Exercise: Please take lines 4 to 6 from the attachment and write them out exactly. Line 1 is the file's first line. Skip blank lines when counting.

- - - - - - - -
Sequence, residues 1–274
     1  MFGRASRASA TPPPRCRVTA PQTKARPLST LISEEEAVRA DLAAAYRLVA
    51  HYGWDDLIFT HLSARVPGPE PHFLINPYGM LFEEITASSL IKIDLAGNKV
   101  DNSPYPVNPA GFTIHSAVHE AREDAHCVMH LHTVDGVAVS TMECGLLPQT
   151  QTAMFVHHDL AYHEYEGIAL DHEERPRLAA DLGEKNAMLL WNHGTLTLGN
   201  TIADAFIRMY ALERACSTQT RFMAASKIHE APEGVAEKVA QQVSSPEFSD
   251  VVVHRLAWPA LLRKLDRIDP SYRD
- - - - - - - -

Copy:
   101  DNSPYPVNPA GFTIHSAVHE AREDAHCVMH LHTVDGVAVS TMECGLLPQT
   151  QTAMFVHHDL AYHEYEGIAL DHEERPRLAA DLGEKNAMLL WNHGTLTLGN
   201  TIADAFIRMY ALERACSTQT RFMAASKIHE APEGVAEKVA QQVSSPEFSD